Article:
hitmill.com
link to hitmill.com home page

 

 

HTML Table Tutorial Lesson 2g
The COLS & COLSPAN Attributes


 

 

COLS

COLS is an attribute of the <TABLE> tag which lets the browser know how many vertical columns are going to be in your table. Some Web authors contend that the browser will render the table faster if you use the COLS attribute. Here is an example:

<TABLE WIDTH="600" COLS="4" BORDER="1" >

The following table has four columns so COLS="4". Forget the fact that those cells in the first row are each spanning two columns and just count the tiny little cells that you can see, such as the ones in the second row. Also, forget the fact that the third row only has one cell -- because it is really spanning or crossing four columns.

LEFTRIGHT
INOUTINOUT
This cell spans 4 columns

 

 

COLSPAN

COLSPAN is an attribute of the <TABLE> tag but is also an attribute of the <TH> and the <TD> tags where I have used it more often than with the <TABLE> tag. COLSPAN tells the browser when you want to have a particular table cell span or cross over more than one column. I have an example here:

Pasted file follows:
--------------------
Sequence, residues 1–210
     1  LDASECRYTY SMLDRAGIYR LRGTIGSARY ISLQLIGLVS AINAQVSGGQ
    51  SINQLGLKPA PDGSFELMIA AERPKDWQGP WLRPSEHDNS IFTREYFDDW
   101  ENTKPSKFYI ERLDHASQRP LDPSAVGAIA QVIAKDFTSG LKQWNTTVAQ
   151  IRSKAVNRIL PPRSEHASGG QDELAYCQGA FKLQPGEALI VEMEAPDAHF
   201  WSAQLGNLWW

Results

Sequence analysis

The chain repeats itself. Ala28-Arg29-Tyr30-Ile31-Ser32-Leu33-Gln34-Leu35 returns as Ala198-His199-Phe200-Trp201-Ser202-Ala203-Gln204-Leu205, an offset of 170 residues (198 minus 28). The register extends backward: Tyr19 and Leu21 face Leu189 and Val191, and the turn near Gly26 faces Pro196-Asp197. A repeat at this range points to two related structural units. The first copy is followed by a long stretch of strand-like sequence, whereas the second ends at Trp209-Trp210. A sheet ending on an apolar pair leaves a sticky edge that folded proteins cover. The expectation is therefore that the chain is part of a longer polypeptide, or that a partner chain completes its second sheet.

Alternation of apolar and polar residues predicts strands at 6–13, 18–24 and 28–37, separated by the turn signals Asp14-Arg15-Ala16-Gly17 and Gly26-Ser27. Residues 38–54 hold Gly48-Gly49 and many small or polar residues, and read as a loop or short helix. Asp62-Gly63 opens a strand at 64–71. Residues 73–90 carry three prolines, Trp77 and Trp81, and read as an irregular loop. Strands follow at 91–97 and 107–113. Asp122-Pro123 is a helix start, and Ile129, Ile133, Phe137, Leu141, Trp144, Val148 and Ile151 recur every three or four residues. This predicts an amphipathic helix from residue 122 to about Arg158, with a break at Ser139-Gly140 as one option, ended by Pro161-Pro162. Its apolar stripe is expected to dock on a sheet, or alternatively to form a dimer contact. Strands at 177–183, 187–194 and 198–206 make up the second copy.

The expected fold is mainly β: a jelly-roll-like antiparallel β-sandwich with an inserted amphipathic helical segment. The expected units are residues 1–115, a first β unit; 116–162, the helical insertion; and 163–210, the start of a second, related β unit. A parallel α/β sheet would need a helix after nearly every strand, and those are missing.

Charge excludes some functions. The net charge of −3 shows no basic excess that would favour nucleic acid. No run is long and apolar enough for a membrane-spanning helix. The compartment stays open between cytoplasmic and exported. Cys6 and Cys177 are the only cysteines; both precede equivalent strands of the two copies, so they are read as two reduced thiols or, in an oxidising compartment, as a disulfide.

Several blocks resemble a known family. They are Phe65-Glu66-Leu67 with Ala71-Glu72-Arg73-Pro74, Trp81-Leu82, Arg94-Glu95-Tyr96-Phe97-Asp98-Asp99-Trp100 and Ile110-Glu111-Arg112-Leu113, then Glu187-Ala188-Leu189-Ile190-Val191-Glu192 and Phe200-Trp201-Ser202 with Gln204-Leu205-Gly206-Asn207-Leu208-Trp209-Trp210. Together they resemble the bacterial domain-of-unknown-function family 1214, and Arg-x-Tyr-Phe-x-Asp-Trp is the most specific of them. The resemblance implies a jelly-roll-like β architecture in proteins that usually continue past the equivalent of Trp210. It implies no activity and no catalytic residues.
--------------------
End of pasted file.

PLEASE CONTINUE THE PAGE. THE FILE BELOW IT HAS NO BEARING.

LEFTRIGHT
INOUTINOUT
This cell spans 4 columns

 

Getting right down to business you can see examples of the COLSPAN attribute in the table above, in row 1 and row 3. In row 1, each cell is a heading cell (the text is centered) and it spans two columns. It was coded as:

<TR>
<TH COLSPAN="2">LEFT</TH>
<TH COLSPAN="2">RIGHT</TH>
</TR>

The second row of the above table was coded like this:

<TR>
<TD>IN</TD><TD>OUT</TD><TD>IN</TD> <TD>OUT</TD>
</TR>

 

The third row of the above table was coded like this:

<TR>
<TD COLSPAN="4">This cell spans 4 columns</TD>
</TR>

 

 

 
Search Tutorial | Web Services
 
Top | News | Travel | Computers
Internet | HTML | Dynamic HTML | XML
Programming | JavaScript | ASP | Home

 

 
Contact
 
Updated 11 April 2006
© hitmill.com
All Rights Reserved